The complicated fight surrounding Texas abortion rights
Access to abortions is changing in Texas. Abortion-rights advocates say that has a negative impact on women's health, while antiabortion activists say that gives more women the opportunity to choose other options.
In advance of Wednesday's Supreme Court hearing, The Christian Science Monitor examined abortion in Texas in a three-part series looking at those most affected by the Texas law, the 'pro-life' answer to abortion clinics, and how hard it is to get an abortion in the state.
It is becoming harder and harder for women to obtain an abortion in Texas.
Since 2011, the Texas legislature has been shifting money away from abortion clinics. Earlier this month, the US Supreme Court heard arguments regarding whether or not portions of the Texas House Bill 2, popularly known as HB 2, violate constitutional protections.
What the Supreme Court heard during those arguments reflects the broader national debate surrounding abortion rights. Since Texas passed the law in 2011, its critics have said that 41 abortion clinics have closed.
During the Supreme Court hearing on March 2, Justice Elena Kagan pointed out that 900,000 women in Texas now live farther than 150 miles from their nearest abortion clinic. This is an increase from 100,000 living 150 miles from a clinic in 2012.
Antiabortion activists have said that HB 2 protects women from having unsafe abortions. However, data published Thursday in the American Journal of Public Health by researchers at the University of Texas' Policy Evaluation Project shows that the restrictions imposed by HB 2 forces women to wait longer for an abortion, travel longer distances to obtain one, and pay more out-of-pocket for receiving the procedure. And that longer wait can lead some women to terminate a pregnancy later, when the risks associated with the procedure are higher.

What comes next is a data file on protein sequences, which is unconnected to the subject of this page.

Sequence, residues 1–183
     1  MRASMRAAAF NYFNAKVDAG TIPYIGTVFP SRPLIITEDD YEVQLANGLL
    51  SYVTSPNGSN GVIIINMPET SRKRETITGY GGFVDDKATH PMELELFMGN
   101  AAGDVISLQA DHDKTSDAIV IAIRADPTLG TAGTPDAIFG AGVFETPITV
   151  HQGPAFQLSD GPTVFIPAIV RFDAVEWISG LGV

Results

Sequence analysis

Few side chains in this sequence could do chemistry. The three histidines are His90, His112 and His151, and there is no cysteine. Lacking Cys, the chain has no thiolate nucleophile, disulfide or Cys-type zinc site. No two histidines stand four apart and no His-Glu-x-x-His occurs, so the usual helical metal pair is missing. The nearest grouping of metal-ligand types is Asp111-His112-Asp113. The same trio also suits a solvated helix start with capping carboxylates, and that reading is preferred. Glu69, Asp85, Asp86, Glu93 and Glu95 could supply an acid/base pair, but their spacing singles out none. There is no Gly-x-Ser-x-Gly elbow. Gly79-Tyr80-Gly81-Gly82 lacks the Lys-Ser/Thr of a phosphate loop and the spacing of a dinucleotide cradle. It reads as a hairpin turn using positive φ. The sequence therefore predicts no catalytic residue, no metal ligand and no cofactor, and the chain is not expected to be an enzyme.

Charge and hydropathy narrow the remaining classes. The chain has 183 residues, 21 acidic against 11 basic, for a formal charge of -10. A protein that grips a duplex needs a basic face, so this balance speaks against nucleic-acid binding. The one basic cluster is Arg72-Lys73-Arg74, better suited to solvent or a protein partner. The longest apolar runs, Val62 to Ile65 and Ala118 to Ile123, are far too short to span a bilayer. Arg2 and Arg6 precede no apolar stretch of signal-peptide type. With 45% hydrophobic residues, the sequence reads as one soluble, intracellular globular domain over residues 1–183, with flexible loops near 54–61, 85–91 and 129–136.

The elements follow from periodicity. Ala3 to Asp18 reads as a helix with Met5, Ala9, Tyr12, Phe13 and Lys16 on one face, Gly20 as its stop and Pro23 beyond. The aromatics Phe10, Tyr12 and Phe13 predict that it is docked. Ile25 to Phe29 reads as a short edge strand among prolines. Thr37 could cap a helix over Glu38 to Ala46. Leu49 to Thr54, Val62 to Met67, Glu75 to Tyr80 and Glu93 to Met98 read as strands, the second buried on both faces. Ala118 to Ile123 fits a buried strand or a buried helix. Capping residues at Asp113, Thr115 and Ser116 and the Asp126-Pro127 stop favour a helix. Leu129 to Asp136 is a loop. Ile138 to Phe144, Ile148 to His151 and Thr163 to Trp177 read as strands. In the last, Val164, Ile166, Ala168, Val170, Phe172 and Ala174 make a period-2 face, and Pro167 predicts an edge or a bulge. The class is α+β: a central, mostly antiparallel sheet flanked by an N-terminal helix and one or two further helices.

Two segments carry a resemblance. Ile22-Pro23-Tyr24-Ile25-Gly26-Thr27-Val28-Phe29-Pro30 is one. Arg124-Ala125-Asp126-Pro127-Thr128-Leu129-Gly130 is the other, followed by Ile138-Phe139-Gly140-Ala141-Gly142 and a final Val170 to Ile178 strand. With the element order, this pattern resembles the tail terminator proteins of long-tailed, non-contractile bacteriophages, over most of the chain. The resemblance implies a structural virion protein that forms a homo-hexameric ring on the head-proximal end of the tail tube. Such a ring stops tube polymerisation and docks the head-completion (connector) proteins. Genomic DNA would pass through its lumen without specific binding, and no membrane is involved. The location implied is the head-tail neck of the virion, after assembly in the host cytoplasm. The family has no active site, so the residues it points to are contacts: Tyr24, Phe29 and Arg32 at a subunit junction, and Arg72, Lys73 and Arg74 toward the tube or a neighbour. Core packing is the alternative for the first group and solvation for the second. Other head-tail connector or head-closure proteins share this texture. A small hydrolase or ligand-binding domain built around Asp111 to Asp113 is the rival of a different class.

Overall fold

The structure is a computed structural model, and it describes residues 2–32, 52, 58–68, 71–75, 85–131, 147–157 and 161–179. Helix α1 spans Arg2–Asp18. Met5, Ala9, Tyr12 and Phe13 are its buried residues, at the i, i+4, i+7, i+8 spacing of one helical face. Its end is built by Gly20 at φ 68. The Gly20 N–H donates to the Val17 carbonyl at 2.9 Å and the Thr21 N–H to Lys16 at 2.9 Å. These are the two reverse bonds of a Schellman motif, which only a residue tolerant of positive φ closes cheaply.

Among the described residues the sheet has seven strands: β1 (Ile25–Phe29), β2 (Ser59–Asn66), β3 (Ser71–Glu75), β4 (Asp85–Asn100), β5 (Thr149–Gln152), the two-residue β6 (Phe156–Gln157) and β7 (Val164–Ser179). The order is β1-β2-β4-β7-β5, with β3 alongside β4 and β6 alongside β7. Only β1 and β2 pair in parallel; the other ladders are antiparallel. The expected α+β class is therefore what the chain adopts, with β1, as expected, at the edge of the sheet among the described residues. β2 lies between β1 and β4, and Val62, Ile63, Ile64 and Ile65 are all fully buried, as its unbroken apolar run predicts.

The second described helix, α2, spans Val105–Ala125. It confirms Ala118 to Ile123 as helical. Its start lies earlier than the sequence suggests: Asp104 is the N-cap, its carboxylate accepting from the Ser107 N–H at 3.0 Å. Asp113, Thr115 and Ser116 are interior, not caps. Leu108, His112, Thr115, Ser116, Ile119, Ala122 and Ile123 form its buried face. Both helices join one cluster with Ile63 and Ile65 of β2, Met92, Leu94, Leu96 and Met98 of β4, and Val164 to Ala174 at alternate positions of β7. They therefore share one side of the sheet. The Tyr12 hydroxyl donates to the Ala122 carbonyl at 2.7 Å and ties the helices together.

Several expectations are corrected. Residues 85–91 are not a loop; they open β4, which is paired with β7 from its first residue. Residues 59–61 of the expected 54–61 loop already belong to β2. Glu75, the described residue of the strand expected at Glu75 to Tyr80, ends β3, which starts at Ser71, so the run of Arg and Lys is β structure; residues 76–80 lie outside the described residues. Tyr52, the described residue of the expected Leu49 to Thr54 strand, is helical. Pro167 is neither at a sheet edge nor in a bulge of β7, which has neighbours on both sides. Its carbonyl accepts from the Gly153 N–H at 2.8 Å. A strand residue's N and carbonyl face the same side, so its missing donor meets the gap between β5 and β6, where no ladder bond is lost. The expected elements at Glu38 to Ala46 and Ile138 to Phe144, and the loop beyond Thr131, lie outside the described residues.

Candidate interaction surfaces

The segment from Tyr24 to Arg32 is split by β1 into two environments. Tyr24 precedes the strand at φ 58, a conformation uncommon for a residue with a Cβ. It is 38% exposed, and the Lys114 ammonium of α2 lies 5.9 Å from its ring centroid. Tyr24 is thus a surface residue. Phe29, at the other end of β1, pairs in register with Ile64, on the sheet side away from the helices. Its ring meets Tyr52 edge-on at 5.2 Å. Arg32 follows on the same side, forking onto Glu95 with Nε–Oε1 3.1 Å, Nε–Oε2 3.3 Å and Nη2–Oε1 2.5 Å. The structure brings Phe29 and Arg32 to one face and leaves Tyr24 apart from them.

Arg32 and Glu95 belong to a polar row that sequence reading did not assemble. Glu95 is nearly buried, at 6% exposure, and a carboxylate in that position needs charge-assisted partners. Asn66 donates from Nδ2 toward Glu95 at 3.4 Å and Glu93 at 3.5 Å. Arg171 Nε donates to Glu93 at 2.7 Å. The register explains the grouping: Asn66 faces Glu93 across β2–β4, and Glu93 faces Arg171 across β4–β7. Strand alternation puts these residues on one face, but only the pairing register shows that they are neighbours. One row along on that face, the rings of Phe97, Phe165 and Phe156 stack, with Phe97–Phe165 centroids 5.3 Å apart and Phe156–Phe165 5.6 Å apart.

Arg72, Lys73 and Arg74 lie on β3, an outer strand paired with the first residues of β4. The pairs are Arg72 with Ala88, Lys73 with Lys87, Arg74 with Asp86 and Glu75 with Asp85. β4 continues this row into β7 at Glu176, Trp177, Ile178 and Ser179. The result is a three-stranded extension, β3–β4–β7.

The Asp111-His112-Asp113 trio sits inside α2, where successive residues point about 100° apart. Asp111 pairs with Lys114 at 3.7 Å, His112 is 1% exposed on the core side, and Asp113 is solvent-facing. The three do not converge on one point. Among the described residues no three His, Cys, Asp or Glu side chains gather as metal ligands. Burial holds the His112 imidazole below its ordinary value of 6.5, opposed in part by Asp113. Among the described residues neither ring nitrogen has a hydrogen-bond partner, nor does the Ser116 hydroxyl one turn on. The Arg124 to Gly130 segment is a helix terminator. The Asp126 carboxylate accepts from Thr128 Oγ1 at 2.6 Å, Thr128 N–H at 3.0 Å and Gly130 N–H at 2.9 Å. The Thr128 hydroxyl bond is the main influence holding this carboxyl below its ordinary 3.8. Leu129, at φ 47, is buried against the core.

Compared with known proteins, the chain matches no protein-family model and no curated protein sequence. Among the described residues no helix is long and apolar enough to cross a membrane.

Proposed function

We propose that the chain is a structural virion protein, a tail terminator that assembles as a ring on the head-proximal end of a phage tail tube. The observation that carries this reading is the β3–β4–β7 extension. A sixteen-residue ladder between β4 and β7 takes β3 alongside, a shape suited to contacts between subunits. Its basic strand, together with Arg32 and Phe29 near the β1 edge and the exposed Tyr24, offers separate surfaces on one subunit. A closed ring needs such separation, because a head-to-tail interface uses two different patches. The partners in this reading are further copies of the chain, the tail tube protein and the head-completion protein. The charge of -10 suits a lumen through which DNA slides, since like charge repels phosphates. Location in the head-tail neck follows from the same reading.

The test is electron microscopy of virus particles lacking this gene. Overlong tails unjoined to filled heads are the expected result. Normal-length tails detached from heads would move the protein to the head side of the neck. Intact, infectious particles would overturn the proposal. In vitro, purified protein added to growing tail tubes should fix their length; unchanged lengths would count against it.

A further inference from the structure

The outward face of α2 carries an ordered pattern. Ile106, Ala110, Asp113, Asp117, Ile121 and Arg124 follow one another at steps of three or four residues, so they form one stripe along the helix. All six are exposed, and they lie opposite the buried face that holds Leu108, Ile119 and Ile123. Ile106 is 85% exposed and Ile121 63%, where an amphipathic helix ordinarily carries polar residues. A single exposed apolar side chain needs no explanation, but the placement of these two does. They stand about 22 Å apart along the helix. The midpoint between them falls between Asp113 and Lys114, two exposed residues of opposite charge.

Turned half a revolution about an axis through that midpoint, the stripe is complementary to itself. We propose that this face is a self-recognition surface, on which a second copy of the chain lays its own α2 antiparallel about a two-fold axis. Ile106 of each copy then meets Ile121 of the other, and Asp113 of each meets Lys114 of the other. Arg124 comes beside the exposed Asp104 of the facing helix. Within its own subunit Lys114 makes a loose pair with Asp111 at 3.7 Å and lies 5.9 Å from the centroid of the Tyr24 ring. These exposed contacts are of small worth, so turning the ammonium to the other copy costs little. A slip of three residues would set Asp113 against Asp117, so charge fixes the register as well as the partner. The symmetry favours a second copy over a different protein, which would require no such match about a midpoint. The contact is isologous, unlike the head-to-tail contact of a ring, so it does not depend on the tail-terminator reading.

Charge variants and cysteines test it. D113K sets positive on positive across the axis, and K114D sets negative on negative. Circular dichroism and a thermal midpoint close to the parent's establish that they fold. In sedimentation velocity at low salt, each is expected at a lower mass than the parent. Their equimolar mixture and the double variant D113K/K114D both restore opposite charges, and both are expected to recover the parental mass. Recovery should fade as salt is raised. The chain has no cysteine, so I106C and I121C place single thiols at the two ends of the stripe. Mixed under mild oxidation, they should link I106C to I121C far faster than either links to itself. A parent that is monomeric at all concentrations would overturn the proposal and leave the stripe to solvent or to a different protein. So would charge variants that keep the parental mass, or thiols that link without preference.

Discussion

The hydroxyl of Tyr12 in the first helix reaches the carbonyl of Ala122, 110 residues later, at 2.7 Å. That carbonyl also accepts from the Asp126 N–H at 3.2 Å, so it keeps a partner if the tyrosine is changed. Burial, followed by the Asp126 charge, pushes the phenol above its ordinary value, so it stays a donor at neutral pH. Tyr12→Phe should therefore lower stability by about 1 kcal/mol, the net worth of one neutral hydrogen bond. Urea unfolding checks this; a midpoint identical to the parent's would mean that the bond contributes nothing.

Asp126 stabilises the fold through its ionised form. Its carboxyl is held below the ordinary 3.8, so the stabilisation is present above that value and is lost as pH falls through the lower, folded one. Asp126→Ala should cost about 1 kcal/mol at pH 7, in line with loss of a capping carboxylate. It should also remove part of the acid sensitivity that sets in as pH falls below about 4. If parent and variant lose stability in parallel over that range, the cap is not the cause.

Women in poverty, women in rural areas, and younger women are much more likely to face a negative impact from these restrictions than others, experts say. For some of these women, they may not even be able to obtain an abortion at all.
“Texas does nothing for teenage girls. The Janes are the least among us,” Susan Hays, a Texas appellate lawyer and legal director of a group called Jane’s Due Process (JDP), told the Monitor in February, referring to the anonymous “Jane Doe” that the legal group uses to protect their clients’ privacy in confidential court documents.
Billing themselves as an alternative to the abortion route, crisis pregnancy centers have sprung up throughout Texas – and around the country – offering women a space to consider all of their options besides abortion. Critics of these centers say that their antiabortion message is overt, and that they intentionally mislead women who come to them seeking abortion services.
But the centers don’t see themselves that way. They see their duty as one to inform and provide, not to persuade.
“We let them know their life does have value and we are here to help them with that purpose,” Lori DeVillez, executive director of the Austin Pregnancy Resource Center, told the Monitor in a February interview.
See the Monitor's three-part series: